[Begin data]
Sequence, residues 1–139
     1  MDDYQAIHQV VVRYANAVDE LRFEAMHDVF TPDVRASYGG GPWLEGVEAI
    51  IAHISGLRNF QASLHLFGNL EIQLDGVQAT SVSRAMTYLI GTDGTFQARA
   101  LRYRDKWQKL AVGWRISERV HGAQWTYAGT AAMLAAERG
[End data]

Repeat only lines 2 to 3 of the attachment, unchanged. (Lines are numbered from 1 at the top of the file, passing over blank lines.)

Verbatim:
     1  MDDYQAIHQV VVRYANAVDE LRFEAMHDVF TPDVRASYGG GPWLEGVEAI
    51  IAHISGLRNF QASLHLFGNL EIQLDGVQAT SVSRAMTYLI GTDGTFQARA